Labour: the Unions and Workers on the Board. November 2016
The election of Jeremy Corbyn has pushed the centre ground of British politics to the left. Teresa May, ever the eagle-eyed opportunist, was quick to spot this and is occupying the space she believes will bring electoral rewards to the Tories. With the latest Tory slogan ‘A country that works for everyone’ and warm words about looking after the working class, she is clearly appealing to UKIP and Labour voters who feel that they were neglected by previous governments, both Labour and Tory.
Thirty nine years ago the Bullock Inquiry on Industrial Democracy published its findings. It proposed a scheme for employee representation on the boards of companies with at least 2,000 employees.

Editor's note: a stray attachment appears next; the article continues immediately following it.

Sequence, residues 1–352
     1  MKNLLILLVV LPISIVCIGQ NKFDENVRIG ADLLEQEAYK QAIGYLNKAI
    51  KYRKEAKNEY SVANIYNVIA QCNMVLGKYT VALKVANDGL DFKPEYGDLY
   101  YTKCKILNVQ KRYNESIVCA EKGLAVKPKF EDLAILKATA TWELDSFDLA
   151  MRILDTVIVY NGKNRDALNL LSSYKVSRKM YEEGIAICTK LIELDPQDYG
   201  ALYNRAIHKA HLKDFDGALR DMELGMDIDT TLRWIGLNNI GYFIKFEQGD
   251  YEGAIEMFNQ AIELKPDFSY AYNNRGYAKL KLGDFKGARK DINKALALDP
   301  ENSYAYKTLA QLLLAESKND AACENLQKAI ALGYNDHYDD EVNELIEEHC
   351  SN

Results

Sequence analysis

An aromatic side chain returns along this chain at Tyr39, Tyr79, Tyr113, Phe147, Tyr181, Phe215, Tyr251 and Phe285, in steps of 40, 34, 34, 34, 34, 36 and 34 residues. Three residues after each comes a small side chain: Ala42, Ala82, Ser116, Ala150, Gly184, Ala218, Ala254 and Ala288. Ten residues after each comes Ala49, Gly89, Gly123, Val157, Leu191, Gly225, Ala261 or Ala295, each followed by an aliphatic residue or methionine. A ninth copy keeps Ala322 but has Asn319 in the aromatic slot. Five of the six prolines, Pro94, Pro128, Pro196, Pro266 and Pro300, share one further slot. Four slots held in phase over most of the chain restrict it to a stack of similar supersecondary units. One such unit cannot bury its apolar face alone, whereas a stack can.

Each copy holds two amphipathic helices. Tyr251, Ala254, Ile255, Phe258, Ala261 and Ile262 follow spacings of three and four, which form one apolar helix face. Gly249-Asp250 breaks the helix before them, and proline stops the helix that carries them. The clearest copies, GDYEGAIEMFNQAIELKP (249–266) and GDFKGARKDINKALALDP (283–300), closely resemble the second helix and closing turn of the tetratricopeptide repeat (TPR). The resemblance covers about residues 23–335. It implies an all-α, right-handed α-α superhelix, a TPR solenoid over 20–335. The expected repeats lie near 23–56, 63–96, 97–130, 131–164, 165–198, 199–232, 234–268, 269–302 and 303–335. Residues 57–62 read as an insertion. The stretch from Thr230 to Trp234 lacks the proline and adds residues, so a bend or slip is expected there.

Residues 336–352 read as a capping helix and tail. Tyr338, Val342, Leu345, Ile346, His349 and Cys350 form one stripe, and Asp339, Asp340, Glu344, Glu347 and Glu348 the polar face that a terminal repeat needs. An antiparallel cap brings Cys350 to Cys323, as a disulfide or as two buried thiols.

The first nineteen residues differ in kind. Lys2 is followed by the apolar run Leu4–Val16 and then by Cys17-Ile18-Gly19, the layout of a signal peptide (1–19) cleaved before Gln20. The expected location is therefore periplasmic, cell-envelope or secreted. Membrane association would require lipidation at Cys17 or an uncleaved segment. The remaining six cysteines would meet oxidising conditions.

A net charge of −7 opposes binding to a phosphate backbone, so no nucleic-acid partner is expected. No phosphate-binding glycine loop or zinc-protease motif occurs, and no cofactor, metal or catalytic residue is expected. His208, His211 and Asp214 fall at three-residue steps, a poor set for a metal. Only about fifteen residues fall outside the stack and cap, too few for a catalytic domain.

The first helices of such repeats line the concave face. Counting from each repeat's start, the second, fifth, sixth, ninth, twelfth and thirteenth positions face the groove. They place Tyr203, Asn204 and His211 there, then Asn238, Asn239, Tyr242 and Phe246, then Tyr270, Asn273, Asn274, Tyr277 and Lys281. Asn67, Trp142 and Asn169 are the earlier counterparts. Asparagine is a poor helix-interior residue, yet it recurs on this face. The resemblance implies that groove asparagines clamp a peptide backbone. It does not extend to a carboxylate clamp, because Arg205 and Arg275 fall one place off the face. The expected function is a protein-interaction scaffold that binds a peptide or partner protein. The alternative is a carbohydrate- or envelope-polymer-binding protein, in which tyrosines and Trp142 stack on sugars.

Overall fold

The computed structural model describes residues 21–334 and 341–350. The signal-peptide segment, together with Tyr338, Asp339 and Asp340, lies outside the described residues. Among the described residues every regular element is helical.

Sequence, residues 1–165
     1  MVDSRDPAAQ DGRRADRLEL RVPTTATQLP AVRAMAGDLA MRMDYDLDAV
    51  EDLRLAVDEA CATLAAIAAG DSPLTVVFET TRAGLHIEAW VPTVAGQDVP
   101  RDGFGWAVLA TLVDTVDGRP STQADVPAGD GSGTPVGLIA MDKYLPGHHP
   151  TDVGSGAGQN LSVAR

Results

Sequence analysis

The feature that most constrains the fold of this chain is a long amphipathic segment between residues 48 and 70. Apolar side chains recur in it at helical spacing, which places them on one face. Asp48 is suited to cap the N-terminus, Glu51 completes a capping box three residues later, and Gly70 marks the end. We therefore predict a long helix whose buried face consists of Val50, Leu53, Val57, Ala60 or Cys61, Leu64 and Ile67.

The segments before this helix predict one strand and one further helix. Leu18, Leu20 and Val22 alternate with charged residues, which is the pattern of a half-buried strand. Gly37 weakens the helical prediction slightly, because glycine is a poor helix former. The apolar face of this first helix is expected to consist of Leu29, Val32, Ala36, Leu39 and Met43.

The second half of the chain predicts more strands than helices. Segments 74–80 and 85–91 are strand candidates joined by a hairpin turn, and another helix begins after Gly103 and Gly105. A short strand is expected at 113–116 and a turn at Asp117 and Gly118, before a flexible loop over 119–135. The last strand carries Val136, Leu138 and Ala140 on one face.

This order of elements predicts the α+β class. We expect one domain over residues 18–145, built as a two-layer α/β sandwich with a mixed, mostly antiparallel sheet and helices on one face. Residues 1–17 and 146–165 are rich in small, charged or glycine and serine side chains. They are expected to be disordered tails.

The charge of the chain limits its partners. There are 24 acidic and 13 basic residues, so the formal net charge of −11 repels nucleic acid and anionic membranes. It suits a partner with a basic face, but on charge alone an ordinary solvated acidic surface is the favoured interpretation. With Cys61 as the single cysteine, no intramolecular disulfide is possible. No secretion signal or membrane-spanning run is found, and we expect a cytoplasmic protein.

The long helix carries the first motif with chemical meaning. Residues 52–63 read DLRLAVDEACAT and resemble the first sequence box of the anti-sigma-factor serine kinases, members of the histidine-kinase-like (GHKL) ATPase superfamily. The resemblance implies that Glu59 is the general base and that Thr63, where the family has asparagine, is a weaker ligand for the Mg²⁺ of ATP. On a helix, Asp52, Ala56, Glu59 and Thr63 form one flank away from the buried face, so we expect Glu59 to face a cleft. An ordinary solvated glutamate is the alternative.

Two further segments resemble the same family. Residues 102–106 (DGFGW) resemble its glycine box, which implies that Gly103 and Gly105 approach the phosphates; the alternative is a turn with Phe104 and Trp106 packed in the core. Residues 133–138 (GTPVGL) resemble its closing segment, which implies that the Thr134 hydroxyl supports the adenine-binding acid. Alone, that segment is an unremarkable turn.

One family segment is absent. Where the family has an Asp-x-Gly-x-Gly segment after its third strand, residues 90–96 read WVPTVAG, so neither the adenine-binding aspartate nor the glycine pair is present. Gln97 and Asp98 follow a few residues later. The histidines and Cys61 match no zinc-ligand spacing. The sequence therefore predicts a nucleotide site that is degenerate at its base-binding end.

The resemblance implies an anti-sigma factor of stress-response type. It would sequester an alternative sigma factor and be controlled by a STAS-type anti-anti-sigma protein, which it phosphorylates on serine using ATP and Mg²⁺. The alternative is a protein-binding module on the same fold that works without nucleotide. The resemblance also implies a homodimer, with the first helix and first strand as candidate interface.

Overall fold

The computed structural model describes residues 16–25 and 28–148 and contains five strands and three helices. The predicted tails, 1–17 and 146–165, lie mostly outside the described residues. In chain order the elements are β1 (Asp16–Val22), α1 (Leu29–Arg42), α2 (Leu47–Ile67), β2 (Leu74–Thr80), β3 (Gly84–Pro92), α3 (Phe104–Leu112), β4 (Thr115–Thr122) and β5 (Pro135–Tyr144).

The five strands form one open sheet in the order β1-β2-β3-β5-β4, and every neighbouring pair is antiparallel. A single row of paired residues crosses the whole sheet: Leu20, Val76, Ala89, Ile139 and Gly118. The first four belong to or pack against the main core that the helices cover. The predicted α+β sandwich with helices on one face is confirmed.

Bullock arose from a need to accommodate the industrial strength of the trade unions in ways that were not merely disruptive. It foundered on the fact that the unions were blind to the consequences of the exercise of untrammelled collective bargaining
Corbyn’s re-election: There will be trouble ahead. October 2016.
Jeremy Corbyn’s re-election as Labour leader with an increased majority would in normal times lay the leadership issue to rest. But we don’t live in normal times. Even though Corbyn won a majority of votes in all three categories—full members, affiliated supporters and registered supporters—there are those within the parliamentary party who refuse to accept the result. They have publicly hinted, in spite of Corbyn’s call for unity, that they will continue to make life difficult for the leader. It’s clear therefore that the overriding message of the result is that there is a wide disconnect between ordinary members and supporters and the parliamentary party. Unless this disconnection is unravelled the future for Labour looks exceedingly grim.